NPR : News

Filed Under:

Putin Flies With Migrating Cranes, Opines About Group Sex; Seriously

Keeping up with the things Russian President Vladimir Putin says and does that set him apart from other world leaders could be a full time job. Today alone there's word:

-- That he told the Russia Today news channel that "some fans say that group sex is better than one-on-one because, like in any collective work, you can take it easy a bit."

It doesn't look like Putin was making a personal endorsement. Reuters reports that the Russian leader was discussing the arrest and conviction of three women in the punk-protest band Pussy Riot and that:

"He suggested the band's notoriety had forced its 'indecent' name into public discourse, reinforcing the point by prodding his interviewer to translate the word 'pussy.'

" 'I want to direct your attention to the moral side of the issue,' he added, describing a previous group-sex stunt that included at least one of the convicted women and adding a off-color joke of his own about group sex."

-- He recently took off in a motorized hang glider to help try to lead a flock of cranes into the wild. There's video here. Putin "donned a baggy white costume with a spacious helmet and goggles [that supposedly made him look a bit like a bird] and flew in a motorised deltaplane light aircraft surrounded by several young cranes that were born in captivity, in order to help introduce them to the wild," Reuters says.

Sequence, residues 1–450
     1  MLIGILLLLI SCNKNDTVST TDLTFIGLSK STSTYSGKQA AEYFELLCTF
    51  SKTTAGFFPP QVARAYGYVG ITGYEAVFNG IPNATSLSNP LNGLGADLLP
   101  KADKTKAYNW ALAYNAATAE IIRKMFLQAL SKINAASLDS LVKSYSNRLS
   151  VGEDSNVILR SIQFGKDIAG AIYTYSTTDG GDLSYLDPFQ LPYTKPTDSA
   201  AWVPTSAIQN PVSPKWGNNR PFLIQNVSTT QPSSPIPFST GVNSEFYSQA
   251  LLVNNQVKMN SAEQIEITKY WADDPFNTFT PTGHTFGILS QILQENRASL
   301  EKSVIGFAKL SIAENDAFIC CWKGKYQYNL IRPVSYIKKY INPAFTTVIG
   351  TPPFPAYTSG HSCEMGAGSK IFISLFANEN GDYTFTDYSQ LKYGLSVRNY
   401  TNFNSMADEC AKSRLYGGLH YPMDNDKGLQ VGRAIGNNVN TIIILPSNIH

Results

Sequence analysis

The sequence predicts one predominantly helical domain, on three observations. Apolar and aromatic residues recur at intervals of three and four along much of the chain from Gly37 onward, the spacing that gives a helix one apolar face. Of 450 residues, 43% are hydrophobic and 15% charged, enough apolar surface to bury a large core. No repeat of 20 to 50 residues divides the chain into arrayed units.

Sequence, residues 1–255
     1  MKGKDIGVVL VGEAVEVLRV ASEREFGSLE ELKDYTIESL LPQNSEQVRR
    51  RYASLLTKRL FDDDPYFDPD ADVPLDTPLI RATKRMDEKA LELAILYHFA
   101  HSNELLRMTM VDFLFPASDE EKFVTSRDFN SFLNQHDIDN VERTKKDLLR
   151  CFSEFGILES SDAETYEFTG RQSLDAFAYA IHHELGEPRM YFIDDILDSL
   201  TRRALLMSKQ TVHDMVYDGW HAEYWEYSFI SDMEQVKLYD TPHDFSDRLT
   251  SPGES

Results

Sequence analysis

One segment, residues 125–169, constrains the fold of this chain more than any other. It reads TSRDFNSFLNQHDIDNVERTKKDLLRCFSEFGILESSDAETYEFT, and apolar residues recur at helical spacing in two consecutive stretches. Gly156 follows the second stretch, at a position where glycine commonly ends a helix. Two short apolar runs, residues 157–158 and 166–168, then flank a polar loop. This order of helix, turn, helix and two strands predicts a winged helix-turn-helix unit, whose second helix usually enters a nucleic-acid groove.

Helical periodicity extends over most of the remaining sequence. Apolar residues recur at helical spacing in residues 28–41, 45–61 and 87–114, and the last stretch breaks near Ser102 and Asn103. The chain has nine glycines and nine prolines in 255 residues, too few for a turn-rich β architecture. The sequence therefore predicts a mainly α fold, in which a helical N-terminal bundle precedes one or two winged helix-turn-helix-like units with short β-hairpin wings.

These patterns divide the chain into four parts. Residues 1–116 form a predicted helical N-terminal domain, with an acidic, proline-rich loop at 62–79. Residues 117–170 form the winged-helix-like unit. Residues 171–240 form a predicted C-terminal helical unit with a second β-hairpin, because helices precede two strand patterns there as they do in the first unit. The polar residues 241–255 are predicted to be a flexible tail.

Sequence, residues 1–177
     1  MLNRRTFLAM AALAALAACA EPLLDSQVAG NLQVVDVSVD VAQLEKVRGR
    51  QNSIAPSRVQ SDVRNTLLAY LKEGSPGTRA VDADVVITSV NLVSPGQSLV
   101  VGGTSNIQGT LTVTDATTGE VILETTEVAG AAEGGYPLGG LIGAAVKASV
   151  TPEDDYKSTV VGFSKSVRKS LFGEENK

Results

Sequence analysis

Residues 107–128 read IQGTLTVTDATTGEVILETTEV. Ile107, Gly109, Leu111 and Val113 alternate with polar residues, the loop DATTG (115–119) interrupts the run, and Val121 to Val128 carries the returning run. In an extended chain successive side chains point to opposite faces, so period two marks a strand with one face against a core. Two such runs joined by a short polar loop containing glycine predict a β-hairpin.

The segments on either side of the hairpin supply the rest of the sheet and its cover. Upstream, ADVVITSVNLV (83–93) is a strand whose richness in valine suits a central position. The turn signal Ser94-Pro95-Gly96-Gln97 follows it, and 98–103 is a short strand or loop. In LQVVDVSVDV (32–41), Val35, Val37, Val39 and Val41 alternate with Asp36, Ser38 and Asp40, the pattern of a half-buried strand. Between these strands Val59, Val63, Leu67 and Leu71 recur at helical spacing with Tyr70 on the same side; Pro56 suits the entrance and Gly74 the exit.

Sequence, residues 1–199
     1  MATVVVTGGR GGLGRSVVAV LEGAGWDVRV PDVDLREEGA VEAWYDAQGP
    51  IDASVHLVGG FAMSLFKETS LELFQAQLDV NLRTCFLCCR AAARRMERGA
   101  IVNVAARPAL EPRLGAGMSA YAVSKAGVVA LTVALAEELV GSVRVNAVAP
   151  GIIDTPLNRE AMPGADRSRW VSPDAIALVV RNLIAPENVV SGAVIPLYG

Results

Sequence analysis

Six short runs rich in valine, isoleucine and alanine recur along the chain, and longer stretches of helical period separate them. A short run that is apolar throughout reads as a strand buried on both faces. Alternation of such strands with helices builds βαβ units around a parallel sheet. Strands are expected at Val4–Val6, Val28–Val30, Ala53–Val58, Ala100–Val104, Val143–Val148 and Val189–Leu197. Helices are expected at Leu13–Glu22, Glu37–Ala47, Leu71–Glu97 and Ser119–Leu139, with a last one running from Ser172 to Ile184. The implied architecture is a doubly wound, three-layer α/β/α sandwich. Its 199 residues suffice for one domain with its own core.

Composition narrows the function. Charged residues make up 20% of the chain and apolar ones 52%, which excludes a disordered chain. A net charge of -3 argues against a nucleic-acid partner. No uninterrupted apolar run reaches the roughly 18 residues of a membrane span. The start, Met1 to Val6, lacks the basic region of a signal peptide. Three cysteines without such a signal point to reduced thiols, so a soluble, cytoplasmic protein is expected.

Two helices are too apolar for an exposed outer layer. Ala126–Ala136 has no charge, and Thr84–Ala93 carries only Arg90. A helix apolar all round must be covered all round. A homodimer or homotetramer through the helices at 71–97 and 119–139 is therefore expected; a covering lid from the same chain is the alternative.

Oh, there's also some more substantive news. Putin said Russia could work with Republican presidential nominee Mitt Romney if the former Massachusetts governor wins the White House. But he also "took aim" at Romney, "calling his criticism of Russia 'mistaken' campaign rhetoric and suggesting a Romney presidency would widen the rift over the anti-missile shield the United States is deploying in Europe," Reuters reports.

Update at 1:45 p.m. ET. The State Department On Putin's Flight:

State Department spokesman Patrick Ventrell was asked today about the Russian leader's flight with the cranes. According to NPR's Michele Kelemen, Ventrell said Putin's personal involvement in wildlife conservation focuses much needed attention on cranes and other animals that need protection. The Russian government and Putin, said Ventrell, appear to be very committed to wildlife conservation.

Copyright 2012 National Public Radio. To see more, visit http://www.npr.org/.

NPR

Texas Bookseller Picks 3 Summer Reads

Julia Green of Front Street Books recommends Moonlight on Linoleum by Terry Helwig, City of Women by David R. Gillham and The Evolution of Calpurnia Tate by Jacqueline Kelly.
NPR

He Used To Live On The Streets Of Mumbai. Now, His Cafe Welcomes Everyone

Amin Sheikh's new cafe is a rarity in class-stratified India: It's open to people from all walks of life. Sheikh is a former street child, and so are many of his employees.
NPR

For Many Black Voters, Trump's 'What Do You Have To Lose?' Plea Isn't Enough

Donald Trump promises to help bring jobs and security to black neighborhoods. But his poll numbers with African-Americans are in the low single digits, and many say his message is insulting.
NPR

WATCH: Squishy 'Octobot' Moves Autonomously

The robot designed by a team from Harvard University moves without the help of any rigid parts. Researchers say it is the first proof-of-concept design for an entirely soft, autonomous machine.

Leave a Comment

Help keep the conversation civil. Please refer to our Terms of Use and Code of Conduct before posting your comments.